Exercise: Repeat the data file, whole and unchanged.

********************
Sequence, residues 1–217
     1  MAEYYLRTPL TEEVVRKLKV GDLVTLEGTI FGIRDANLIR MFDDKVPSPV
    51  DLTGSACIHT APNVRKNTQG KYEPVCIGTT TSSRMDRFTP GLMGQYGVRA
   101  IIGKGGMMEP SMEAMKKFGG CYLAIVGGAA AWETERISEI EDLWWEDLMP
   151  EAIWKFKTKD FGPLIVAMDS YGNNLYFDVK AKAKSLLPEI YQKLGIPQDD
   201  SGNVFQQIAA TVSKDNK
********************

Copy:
Sequence, residues 1–217
     1  MAEYYLRTPL TEEVVRKLKV GDLVTLEGTI FGIRDANLIR MFDDKVPSPV
    51  DLTGSACIHT APNVRKNTQG KYEPVCIGTT TSSRMDRFTP GLMGQYGVRA
   101  IIGKGGMMEP SMEAMKKFGG CYLAIVGGAA AWETERISEI EDLWWEDLMP
   151  EAIWKFKTKD FGPLIVAMDS YGNNLYFDVK AKAKSLLPEI YQKLGIPQDD
   201  SGNVFQQIAA TVSKDNK